requested a special exemption to be allowed to join the LPGA before
her 17th birthday, but was turned down. Thus, she remained an amateur
at the start of the 2006 season; she turned pro after she graduated
from high school in May. Meanwhile, Song Hee Kim had petitioned the
Futures Tour to be allowed to join, and the tour responded by lowering
the minimum age limit to 17 from 18. Thus, In-Bee was able to become
a full member of that tour right from the start of her pro career.
In-Bee played well on the Futures Tour. Although
she did not win an event, she notched multiple top finishes and
wound up in third place on the Futures Tour money list. Thus, she
earned her exemption for the 2007 LPGA season.
In 2007, In-Bee started to spell her name Inbee,
perhaps to make it easier to remember for fans. Her rookie year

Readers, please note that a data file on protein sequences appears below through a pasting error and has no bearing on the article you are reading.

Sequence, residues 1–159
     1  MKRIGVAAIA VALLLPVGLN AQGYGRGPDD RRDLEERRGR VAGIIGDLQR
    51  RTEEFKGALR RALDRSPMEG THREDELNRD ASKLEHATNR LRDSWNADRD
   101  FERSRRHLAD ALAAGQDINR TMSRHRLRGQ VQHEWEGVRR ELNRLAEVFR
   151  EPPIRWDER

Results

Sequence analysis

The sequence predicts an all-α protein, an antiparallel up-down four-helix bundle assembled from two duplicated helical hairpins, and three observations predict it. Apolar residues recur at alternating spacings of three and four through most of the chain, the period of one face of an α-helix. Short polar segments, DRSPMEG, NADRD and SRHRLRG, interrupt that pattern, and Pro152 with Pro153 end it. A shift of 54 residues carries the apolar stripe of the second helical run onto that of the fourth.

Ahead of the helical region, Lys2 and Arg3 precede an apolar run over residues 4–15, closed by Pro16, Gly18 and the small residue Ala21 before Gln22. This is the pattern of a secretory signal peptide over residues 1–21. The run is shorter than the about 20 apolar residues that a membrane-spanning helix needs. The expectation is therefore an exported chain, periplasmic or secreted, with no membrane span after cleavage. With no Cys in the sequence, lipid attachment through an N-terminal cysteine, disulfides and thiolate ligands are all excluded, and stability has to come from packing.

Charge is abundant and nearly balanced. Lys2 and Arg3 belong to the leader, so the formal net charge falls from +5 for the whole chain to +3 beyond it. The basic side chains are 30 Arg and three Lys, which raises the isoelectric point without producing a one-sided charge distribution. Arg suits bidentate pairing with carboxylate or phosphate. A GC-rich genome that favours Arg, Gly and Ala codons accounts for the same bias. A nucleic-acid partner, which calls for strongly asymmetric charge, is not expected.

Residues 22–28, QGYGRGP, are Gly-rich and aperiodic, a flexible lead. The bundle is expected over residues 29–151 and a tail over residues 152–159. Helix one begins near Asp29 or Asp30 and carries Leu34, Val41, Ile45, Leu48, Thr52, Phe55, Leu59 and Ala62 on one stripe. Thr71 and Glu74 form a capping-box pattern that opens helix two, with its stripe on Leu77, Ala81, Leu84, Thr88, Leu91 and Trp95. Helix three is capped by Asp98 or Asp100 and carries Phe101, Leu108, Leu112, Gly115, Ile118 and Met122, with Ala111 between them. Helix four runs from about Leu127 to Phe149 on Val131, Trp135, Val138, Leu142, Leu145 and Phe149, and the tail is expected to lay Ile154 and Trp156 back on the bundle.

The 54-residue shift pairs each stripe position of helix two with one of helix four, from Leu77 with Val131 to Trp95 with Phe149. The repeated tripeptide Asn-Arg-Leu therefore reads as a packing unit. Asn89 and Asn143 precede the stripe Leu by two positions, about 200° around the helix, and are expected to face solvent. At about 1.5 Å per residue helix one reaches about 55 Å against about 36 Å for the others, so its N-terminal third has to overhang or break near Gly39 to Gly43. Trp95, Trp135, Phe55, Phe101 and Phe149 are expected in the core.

on tour was a rough struggle at first. Until June, she missed more
cuts than she made, and her best finish was a tie for 45th. But
all that changed at the US Women's Open. Perhaps remembering how
well she had played USGA events as a junior, she did wonderfully
there, eventually finishing tied for 4th, by far her best finish
of the year. She played well at the British Open as well, just missing
a top ten.
Her best result of her career came a few weeks later
in Portland. She started the week all right, but on the final day
caught fire, shooting a blistering 8 under par 64 that catapulted
her all the way into the top five. By the end of the day, her rally
was good enough for a tie for second. She finished the year in the
top forty on the money list, securing a two year exempt card on
tour and winding up fourth in the Rookie of the Year standings.
All in all, it had been a wonderful year for her on tour.
If 2007 was a strong season for Inbee, 2008 was
a historic one. She quickly notched three straight top tens, including
one at the year's first Major, and continued her strong play thereafter.
But it was at the US Women's Open that she became a star. The previous